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Almost Famous Women: Stories Hardcover – January 6, 2015

3.4 out of 5 stars 79 customer reviews

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Editorial Reviews


"Every one of these stories is as vibrant, as urgent, as surprising as the women therein. What a thrill to listen as they cohere into a chorus of powerful, affecting and often hilarious voices, each unforgettable, together undeniable. Another stunning collection from the brilliant Megan Mayhew Bergman." (--Claire Vaye Watkins, author of Battleborn)

Almost Famous Women is sharp, compassionate, and strong, just like the women depicted in its pages. Megan Mayhew Bergman writes with such precision that we should all quake in her presence. This book only looks like it's made of paper-- you are holding priceless diamonds in your hand.” (--Emma Straub, author of The Vacationers)

“Megan Mayhew Bergman writes with an astonishing force of empathy, a compassion as bright and illuminating as a klieg light. The reader of Almost Famous Women can't help but be seduced by these eccentric, subversive, passionate women who lived their lives with their entire souls and who were furiously unapologetic for doing so.” (--Lauren Groff, author of Arcadia)

“Lovely and heartbreaking.” (Anjelica Huston, author of Watch Me)

“Megan Mayhew Bergman breathes life into lives that men and history have cast aside. It is rare that an author is as fearless as her characters. Bergman is, and Almost Famous Women is a stunning feat of great daring.” (Lily King, author of Euphoria)

"Megan Mayhew Bergman is a tremendous writer -- compassionate and intelligent, generous and funny -- and Almost Famous Women is a collection filled with empathy, insight and extraordinary psychological precision. Mayhew Bergman has made the women who inhabit this beautiful book come fully to life -- I won't ever forget them." (Molly Antopol, author of The UnAmericans)

"A collection of stories as beautiful and strange as the women who inspired them." (Kirkus Reviews (starred review))

"Rough-cut gems of a bygone era." (O, The Oprah Magazine)

“In these inventive short stories, off-the-radar historical characters—a motorbike racer, a diva, Oscar Wilde’s niece—enter the limelight at last.” (MORE Magazine)

"Gutsy and expertly written." (Bustle)

"Fearless stories star[ring] an eccentric cavalcade." (Vanity Fair)

"Gives us the best of what short fiction offers: a glimpse of intriguing characters, told in unique and varied voices, set in pivotal snatches of their fascinating lives... Bergman is a spry and meticulous writer, and these stories linger in one’s memory long after reading them." (Jim Carmin Minneapolis Star Tribune)

"Stories that are so intriguing you wish they were full-length novels... Bergman revives these often troubled spirits with great compassion." (Connie Ogle Miami Herald)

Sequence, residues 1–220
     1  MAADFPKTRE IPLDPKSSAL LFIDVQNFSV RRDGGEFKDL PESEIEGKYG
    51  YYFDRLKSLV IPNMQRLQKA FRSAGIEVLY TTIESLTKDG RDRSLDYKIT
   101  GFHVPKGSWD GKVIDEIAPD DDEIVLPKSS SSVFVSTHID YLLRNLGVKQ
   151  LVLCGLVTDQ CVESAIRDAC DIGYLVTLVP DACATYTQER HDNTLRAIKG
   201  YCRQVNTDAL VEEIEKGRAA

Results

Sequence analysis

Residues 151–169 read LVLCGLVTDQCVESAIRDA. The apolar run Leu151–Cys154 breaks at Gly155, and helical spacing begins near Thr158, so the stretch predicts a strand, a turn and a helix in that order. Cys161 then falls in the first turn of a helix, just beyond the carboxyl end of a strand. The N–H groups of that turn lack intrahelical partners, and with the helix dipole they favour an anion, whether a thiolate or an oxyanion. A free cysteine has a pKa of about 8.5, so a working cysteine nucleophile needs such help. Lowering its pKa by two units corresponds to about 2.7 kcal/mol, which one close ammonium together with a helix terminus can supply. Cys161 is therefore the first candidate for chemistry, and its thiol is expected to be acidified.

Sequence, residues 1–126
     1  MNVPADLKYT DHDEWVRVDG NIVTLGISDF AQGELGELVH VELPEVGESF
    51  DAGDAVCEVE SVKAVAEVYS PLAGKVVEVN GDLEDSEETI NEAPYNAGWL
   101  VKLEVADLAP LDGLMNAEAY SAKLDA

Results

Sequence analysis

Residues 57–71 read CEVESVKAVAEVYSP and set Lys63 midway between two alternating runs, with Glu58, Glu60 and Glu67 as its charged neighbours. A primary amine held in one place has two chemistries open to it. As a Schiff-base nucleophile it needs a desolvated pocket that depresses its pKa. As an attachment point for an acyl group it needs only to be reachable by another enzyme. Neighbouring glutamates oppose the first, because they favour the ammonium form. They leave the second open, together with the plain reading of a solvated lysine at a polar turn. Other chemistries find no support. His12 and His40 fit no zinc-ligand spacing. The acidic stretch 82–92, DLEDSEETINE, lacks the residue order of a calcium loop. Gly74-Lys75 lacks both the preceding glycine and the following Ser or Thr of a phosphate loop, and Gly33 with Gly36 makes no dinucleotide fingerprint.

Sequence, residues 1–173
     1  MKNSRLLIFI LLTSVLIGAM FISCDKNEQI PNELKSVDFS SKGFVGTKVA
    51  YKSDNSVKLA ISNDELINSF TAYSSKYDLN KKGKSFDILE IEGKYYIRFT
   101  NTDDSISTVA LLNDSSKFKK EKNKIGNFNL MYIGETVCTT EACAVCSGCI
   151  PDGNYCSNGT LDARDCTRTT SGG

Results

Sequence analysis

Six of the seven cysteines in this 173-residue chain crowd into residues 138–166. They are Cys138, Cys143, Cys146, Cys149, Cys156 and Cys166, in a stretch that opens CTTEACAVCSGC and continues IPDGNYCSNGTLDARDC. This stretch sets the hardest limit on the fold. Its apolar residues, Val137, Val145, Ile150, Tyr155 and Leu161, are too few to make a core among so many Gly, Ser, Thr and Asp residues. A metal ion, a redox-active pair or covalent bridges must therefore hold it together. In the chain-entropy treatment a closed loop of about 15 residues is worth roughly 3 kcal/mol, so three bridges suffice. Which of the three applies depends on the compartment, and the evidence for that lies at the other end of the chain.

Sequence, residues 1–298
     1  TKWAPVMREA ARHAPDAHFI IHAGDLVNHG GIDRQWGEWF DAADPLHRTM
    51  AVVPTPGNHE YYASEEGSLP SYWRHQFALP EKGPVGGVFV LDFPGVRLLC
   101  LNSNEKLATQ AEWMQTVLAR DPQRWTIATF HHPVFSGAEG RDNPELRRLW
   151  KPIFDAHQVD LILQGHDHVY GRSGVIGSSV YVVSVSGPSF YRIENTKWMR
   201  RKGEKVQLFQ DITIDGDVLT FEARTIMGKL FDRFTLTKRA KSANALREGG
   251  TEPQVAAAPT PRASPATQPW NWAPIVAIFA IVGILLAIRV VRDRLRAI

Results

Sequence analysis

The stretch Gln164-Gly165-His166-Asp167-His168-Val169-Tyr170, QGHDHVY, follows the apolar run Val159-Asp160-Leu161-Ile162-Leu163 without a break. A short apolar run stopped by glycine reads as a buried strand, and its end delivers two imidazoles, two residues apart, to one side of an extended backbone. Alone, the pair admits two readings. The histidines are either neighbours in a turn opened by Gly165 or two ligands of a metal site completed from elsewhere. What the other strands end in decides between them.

"Real women are found at the heart of these tales, women unusual for their times and almost entirely forgotten in ours... Arresting... Sympathetic, never romanticizing often self-destructive behavior, but exploring why these women sought risk taking and the effect of their impulses." (Leanna Bales Kansas City Star)

"Seek within to find the forgotten. Bergman's well-written short stories tell the tales of women who almost made it into history books." (Tara Wanda Merrigan GQ)

"Thrill-seeking women abound in the collection, chock-full of bravery, defiance and creativity." (Cheryl Crocker McKeon Shelf Awareness)

"There's an allure to reading about the historical lives of women who bucked social conventions, even when they come, as they so often do, to a tragic end. We read them with an element of wish-fulfillment, searching for assurances that there were other ways to think and be." (Amy Gentry Chicago Tribune)

"Graceful prose charged with knowingness and certitude... Thanks to Bergman’s assured writing, many of these women — fictional and historical — will burn bright in one’s mind well after reading these fine stories." (S. Kirk Walsh Boston Globe)

"Bergman’s scenarios are addictive and tantalizing, each one whetting our appetite for more... stunning depictions of how fame’s fire warms with even the slightest contact." (Gina Webb Atlanta Journal-Constitution)

"Bergman always historicizes and never idealizes... by assiduously depicting their intimacy and power struggles, she allows for a close examination of the multiciplicty of women's experiences." (Naomi Fry The New York Times Book Review)

"By exploring the women who didn't quite make it into history books, Bergman offers thoughtful commentary on the stories we do and don't preserve." (Maddie Crum The Huffington Post)

"Ingenious… atmospheric… intense, richly imagined tales." (Maureen Corrigan Fresh Air)

"A cleverly constructed, honest, and thoughtful book of stories. Fans of historical fiction and biography will find much to delight and ponder in these pages." (Julie Hakim Azzam Pittsburgh Post-Gazette)

"[Bergman] nimbly animates the stories when she approaches them from tangential angles, often from the perspective of another character with something at stake." (John Williams The New York Times)

"Fascinating." (People Magazine)

About the Author

Megan Mayhew Bergman is the author of Almost Famous Women and Birds of a Lesser Paradise. Her work has appeared in The New York Times, The Best American Short Stories, New Stories from the South, McSweeney’s, Tin House, and Oxford American, among other publications. She lives on a small farm in Vermont with her veterinarian husband, two daughters, and many animals.